Taking advantage of her mothers connections at the local hospital, Seemas first job as a teenager was washing dishes. She laughingly admits to having broken four trays of glasses her first day but remembers it fondly for the experiences and friendships she developed there.

With her goal of attending medical school as a driving force, she graduated a year early from high school and migrated South to attend the University of South Carolina in Columbia. Continuing on the educational fast track, she graduated in three years with a major in biology, spending her scarce free time as a top salesperson at the local Express, holding office at the Honors College, and dancing in the USC production of Cabaret. Despite Seemas enduring desire to attend medical school, her father was very much against it. He wanted me to do anything but medicine, she recalls. He thought it was difficult; trying to manage a family and be a physician while finding enough time to give to both was near impossible. Instead, he strongly advocated her going into law, and even sent her applications for the LSAT, the law school entrance exam, in the hopes she would become a lawyer instead. Despite his disapproval, Seema applied to medical school at age 19, and was soon accepted at USC. Her first two years of medical school fell well short of her expectations. They were misery, Seema recounts. It was just obscure facts that had nothing to do with actual people. Disheartened by her initial experience, she took a year off and taught anatomy and physiology for the nursing program at a nearby college. Finally, Seema decided to give medical school another try, and was pleased to find the second half of her medical education profoundly different. The last two years were phenomenal for me, she recounts. Her clinical experiences during these years made her return worthwhile and rekindled her love for medicine.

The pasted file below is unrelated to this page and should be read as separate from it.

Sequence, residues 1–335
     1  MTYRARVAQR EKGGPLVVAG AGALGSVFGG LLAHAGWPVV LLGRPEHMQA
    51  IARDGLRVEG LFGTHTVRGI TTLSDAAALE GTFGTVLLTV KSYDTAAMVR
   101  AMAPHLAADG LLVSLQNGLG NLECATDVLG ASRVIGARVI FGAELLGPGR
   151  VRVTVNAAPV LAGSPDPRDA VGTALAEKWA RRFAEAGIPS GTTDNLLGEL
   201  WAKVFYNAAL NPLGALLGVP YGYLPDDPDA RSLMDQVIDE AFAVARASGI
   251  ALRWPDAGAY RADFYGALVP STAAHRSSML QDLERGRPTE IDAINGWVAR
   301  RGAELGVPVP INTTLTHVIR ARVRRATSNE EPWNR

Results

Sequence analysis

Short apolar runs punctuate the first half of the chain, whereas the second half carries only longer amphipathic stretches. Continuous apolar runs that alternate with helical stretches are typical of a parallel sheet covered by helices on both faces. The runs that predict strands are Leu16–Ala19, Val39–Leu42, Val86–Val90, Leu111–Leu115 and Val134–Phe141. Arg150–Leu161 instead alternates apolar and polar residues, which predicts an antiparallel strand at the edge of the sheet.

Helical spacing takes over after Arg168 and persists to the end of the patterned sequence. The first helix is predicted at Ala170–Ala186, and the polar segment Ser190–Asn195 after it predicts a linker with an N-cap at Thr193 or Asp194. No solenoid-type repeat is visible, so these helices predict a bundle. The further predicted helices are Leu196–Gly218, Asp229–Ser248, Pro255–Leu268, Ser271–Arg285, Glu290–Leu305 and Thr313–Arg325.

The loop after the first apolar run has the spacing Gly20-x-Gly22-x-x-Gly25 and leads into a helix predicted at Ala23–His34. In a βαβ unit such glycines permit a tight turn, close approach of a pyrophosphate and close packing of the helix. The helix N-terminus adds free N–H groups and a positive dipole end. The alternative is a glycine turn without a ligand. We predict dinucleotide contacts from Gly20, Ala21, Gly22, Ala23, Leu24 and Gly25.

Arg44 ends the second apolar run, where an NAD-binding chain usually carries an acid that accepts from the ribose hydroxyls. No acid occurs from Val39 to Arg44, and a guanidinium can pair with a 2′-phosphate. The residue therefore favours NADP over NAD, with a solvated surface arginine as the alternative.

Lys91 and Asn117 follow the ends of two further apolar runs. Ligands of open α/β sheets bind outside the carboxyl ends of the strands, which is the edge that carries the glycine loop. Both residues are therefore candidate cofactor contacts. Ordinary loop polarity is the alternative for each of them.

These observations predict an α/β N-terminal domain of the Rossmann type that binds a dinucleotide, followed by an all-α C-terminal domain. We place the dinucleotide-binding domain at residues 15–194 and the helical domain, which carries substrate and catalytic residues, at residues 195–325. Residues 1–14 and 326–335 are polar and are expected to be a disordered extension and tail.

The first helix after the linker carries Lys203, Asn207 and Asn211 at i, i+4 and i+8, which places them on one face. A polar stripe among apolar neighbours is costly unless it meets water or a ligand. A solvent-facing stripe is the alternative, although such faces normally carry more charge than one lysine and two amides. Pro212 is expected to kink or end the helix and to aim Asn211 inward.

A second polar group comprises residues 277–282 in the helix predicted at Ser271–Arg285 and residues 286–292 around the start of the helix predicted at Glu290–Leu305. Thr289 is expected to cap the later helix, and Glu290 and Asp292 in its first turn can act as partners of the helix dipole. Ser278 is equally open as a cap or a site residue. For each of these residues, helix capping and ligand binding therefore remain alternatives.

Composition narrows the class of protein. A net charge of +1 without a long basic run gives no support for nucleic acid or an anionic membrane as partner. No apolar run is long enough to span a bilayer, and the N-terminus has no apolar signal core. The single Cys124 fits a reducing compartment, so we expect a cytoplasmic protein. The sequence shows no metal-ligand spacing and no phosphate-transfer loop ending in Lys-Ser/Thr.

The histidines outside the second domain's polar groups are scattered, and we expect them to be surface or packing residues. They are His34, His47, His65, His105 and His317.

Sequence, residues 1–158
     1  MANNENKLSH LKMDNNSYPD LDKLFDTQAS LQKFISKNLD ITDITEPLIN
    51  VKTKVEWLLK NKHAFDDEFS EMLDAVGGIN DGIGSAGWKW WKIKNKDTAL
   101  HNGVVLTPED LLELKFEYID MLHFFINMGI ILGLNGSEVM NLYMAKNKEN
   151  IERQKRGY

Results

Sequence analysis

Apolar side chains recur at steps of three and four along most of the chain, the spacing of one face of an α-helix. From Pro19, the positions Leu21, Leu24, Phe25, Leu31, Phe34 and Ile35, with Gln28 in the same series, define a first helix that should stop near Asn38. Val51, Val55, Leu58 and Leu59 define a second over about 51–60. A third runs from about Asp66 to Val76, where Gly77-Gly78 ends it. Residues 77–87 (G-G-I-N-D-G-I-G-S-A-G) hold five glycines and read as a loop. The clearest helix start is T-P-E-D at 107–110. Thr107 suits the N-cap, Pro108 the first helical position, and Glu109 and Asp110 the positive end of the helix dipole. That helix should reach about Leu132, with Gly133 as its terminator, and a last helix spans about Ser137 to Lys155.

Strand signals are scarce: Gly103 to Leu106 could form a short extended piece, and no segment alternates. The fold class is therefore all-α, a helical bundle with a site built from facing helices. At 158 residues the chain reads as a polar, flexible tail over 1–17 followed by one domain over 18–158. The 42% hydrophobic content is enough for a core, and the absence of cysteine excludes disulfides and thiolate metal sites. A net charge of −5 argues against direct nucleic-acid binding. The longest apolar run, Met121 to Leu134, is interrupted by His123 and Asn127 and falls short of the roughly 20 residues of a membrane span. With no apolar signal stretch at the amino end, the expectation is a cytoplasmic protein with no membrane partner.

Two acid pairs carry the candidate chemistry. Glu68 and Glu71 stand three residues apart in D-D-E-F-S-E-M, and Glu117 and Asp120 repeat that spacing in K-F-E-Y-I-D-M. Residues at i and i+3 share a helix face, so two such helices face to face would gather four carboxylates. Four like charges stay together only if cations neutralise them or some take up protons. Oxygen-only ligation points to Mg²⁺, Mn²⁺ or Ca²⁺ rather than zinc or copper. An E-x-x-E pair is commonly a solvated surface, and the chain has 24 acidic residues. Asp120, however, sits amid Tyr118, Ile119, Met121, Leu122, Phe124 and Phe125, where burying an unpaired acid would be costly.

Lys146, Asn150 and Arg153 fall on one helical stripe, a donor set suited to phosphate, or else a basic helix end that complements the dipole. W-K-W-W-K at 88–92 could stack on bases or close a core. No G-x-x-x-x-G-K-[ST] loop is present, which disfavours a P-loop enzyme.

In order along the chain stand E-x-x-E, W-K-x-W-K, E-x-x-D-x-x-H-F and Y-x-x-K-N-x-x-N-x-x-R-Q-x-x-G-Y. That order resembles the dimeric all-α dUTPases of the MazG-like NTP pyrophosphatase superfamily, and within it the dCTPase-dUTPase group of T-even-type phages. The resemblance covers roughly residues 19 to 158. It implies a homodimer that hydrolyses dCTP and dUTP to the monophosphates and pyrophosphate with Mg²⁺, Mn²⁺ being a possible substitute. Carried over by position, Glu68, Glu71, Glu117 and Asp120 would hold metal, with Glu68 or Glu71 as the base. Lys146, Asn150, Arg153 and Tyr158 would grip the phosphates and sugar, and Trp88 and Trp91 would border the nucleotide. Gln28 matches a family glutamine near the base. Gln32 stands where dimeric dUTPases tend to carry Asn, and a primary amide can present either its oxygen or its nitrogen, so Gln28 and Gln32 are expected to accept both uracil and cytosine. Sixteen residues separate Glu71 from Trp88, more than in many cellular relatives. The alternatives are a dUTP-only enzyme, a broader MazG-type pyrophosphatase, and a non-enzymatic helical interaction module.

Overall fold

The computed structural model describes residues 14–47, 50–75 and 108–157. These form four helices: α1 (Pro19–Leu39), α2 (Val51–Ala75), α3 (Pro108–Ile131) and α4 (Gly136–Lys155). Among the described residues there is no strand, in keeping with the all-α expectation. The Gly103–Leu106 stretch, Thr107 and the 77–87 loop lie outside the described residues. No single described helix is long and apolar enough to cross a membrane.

Dr. Mishra spent her residency at Flower Hospital, a small community health center in Ohio. It was absolutely an incredible experience. If something happened in surgery, you handled it. If something happened in cardiology, you handled it. You were it! This intensive, hands-on experience gave her the opportunity to further develop her skills caring for patients. In terms of preparing her for whatever challenges lay ahead, she states, it was unbeatable.

Soon, a job offer came from a rural health center in Wilson, North Carolina. Intrigued by the prospect of living in the South again, Seema moved to Wilson with her three young children, twins Noah and Alex and daughter Natalie. After two years of treating patients for everything from the flu to life-threatening farming accidents, she decided to open her own practice to see how she would do working independently, where she would have more control over how she practiced. I believe I took better care of my patients [while in private practice], she explains. I saw fewer people and made house calls, which really made a difference. When the challenges of balancing private practice and single parenthood began to take its toll, Dr. Mishra decided to move one last time. It was her father, now working at Savannah River Site, who mentioned the opportunity available at the Center for Primary Care. After receiving a warm response from the physicians and staff, Dr. Mishra knew CPC was the right place for her. I met 11 out of 13 doctors, which really impressed me, she recalls. It made me feel as though all the physicians really cared about who was going to be there. Having her parents and extended family nearby was another plus for returning to South Carolina. My sons know that being near grandma and grandpa means food, and that is always a good thing, she jokes. Seema and her family now make their home in North Augusta.